Things You Should Avoid While Surfing To Maintain Security

Michelle Rossevelt

Data Security, Security Awareness

To maintain your security while surfing the internet, avoid neglecting software updates, using weak passwords, falling for phishing scams, ignoring Two-Factor Authentication (2FA), using unsecured Wi-Fi networks, oversharing on social media, downloading unverified apps and files, neglecting antivirus and security software, not backing up your data, clicking on pop-up ads, neglecting privacy settings, and using unencrypted websites.

Neglecting Regular Software Updates

Illustration of a secure device with a protective shield
Illustration of a secure device – Protect your online security

One of the most common mistakes people make while surfing the internet is neglecting to update their software regularly. This includes your operating system, web browsers, and all the applications you use. Failing to update leaves your devices vulnerable to security flaws that hackers can exploit.

Why do Regular Updates Matter?

Software updates often contain patches for known vulnerabilities. When you postpone these updates, you’re essentially leaving your virtual door open for cyber-criminals. Hackers actively search for outdated software to gain access to your data or even control your device.

To avoid this, set up automatic updates on your devices whenever possible. This ensures that you’re always running the latest, most secure software.

Clicking on Suspicious Links and Emails

Phishing attacks are on the rise, and they often start with a seemingly harmless email or a tempting link. Clicking on these can lead to disastrous consequences, from stolen personal information to malware infections.

How to Recognize Suspicious Emails and Links?

  • Check the Sender: Be cautious of emails from unknown senders or those with generic, misspelled addresses.
  • Look for Typos and Poor Grammar: Cyber-criminals often make mistakes in their emails.
  • Verify the URL: Hover your mouse over links to see where they lead before clicking.
  • Avoid Urgent Requests: Be wary of emails demanding immediate action or personal information.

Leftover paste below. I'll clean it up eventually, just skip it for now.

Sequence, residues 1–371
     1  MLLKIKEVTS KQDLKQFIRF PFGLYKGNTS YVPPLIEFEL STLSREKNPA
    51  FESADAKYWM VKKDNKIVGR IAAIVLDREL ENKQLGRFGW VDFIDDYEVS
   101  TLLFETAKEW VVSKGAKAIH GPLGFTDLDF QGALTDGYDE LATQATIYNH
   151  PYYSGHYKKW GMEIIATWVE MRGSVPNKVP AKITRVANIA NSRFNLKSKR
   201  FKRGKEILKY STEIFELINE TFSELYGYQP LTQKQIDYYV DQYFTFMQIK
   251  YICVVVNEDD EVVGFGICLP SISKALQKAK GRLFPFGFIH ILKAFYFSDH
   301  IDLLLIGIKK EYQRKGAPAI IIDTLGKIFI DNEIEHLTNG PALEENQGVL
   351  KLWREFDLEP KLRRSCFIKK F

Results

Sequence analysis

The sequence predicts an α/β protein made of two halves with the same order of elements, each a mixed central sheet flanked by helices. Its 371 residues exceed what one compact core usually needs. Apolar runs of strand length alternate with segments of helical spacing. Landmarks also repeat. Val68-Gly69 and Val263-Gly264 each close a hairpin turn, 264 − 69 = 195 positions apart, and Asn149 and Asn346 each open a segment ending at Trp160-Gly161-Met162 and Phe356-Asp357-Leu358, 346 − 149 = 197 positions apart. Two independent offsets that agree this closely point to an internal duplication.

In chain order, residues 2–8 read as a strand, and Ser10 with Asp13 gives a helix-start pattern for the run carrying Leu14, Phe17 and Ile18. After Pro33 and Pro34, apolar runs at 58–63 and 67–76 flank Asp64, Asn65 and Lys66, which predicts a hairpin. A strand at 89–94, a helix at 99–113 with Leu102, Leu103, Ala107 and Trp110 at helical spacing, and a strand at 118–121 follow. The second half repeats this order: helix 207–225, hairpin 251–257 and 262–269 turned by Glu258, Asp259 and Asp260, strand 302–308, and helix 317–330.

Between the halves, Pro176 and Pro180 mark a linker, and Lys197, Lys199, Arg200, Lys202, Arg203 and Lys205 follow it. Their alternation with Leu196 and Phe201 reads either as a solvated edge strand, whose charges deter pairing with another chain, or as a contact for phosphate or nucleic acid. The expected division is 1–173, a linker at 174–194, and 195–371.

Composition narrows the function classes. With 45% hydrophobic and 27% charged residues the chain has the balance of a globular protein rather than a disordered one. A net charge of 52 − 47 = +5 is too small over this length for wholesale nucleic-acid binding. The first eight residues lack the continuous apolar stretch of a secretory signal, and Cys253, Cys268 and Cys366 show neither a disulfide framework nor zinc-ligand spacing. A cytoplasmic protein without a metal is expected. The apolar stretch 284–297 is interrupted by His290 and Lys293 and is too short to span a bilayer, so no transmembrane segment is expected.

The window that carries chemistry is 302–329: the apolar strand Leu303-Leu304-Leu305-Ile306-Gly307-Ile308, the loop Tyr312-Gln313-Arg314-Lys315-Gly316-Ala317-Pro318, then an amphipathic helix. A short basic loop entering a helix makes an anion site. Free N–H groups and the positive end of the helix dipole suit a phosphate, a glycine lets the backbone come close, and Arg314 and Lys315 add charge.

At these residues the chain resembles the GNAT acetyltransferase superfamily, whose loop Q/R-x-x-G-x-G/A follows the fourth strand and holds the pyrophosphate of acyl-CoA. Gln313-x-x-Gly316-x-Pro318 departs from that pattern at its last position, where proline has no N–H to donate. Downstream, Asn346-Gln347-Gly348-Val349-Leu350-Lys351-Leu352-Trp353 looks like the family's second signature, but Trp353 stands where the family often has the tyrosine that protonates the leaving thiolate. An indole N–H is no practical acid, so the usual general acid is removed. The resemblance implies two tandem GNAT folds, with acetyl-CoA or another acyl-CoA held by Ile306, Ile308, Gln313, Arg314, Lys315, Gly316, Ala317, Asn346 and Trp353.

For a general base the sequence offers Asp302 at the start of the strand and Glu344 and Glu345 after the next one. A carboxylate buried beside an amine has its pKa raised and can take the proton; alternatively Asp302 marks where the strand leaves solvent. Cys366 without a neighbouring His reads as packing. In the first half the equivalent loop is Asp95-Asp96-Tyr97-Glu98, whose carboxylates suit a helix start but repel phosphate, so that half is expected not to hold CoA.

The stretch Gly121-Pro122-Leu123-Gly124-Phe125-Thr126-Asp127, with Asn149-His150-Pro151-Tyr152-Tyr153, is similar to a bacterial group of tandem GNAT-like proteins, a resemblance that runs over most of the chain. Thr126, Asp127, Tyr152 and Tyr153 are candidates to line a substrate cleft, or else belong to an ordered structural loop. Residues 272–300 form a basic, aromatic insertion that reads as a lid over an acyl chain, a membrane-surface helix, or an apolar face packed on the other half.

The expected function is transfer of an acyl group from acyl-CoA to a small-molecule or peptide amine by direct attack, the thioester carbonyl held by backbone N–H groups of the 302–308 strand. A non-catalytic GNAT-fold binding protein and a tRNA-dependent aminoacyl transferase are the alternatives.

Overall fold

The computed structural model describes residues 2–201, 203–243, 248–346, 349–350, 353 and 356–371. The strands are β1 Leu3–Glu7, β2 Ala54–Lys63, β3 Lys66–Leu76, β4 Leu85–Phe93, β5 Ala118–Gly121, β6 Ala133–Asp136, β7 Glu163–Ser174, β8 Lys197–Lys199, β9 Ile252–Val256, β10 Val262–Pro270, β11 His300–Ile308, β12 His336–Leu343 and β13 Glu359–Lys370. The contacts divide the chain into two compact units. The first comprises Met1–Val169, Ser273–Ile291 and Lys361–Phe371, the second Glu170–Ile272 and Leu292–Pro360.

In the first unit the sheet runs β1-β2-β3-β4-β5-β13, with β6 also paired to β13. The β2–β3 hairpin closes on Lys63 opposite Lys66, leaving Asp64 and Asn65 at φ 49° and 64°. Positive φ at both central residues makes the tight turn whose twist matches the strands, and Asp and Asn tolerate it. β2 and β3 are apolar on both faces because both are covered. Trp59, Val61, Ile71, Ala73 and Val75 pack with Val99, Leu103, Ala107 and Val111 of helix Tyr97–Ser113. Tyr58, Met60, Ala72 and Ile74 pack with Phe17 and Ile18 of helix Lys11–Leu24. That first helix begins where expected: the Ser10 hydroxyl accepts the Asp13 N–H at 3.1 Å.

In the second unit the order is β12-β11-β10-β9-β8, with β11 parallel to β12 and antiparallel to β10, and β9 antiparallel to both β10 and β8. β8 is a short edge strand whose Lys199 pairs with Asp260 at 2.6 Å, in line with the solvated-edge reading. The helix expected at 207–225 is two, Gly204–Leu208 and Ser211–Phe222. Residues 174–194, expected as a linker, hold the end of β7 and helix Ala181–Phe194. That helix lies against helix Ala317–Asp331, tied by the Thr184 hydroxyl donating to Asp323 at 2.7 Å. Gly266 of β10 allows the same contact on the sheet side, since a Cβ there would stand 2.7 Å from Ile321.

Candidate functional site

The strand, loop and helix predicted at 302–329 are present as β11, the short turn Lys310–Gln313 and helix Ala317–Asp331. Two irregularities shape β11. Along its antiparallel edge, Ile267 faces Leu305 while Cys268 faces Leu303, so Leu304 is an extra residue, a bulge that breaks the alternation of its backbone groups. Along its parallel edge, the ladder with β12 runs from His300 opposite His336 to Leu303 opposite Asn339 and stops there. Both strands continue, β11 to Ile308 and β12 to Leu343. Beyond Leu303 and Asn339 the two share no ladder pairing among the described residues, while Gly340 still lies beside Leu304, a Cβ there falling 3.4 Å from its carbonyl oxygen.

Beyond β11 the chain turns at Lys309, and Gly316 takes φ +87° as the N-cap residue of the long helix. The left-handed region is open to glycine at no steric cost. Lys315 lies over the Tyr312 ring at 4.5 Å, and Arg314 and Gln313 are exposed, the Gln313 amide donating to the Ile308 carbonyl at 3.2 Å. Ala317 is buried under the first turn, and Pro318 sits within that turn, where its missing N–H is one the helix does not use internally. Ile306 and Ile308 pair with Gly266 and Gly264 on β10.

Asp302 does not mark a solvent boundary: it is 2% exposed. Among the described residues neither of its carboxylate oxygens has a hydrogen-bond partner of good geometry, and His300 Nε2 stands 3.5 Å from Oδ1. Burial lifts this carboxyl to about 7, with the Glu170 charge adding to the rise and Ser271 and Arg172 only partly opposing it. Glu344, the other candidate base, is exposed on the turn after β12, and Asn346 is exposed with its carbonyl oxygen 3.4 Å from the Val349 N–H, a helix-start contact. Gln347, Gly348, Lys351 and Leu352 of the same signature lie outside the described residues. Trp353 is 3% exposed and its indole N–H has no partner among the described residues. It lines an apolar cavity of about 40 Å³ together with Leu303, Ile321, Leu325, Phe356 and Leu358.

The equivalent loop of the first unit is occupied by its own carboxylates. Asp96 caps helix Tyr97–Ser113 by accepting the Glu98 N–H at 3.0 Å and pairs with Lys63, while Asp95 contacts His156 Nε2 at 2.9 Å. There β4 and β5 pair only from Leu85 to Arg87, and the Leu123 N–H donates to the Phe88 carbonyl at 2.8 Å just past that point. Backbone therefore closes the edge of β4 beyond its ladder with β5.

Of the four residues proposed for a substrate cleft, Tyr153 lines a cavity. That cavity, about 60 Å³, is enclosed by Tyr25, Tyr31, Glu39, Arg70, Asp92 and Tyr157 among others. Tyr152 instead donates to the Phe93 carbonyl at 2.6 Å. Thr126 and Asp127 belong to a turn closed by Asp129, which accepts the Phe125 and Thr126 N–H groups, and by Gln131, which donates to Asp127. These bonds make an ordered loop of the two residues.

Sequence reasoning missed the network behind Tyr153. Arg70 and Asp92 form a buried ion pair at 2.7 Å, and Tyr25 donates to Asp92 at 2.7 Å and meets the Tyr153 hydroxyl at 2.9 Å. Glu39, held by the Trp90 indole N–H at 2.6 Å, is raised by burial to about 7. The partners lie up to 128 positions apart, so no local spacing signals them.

Ignoring Privacy Settings on Social Media

Social media platforms are fun and interactive, but they can also be a goldmine of personal information for cyber-criminals. Ignoring your privacy settings can lead to oversharing and compromise your security.

How to Secure Your Social Media Accounts?

  • Review Privacy Settings: Regularly check and update your privacy settings to limit who can see your posts and information.
  • Be Selective with Friend Requests: Don’t accept friend requests from people you don’t know personally.
  • Beware of Location Sharing: Avoid sharing your exact location in real time, especially with strangers.
  • Use Strong Passwords: Create complex, unique passwords for each social media account.

Using Weak Passwords

Passwords are the keys to your online accounts, and weak ones are an open invitation to hackers. Using easily guessable passwords like “123456” or “password” is a grave mistake.

How to Create Strong Passwords?

  • Use a Mix of Characters: Combine upper and lower-case letters, numbers, and symbols.
  • Avoid Personal Information: Don’t use easily accessible information like birthdays or names.
  • Change Passwords Regularly: Update your passwords every few months.
  • Consider a Password Manager: Use a trusted password manager to generate and store complex passwords securely.

Ignoring Two-Factor Authentication (2FA)

Illustration of Two-Factor Authentication (2FA) with a password
Enhancing security with Two-Factor Authentication (2FA) – The two layers of protection

Two-factor authentication (2FA) is a security measure that adds an extra layer of protection to your online accounts. It works by requiring you to provide two forms of verification before gaining access. Typically, one verification factor is something you know (like your password), and the other is something you have (like a one-time code sent to your mobile device).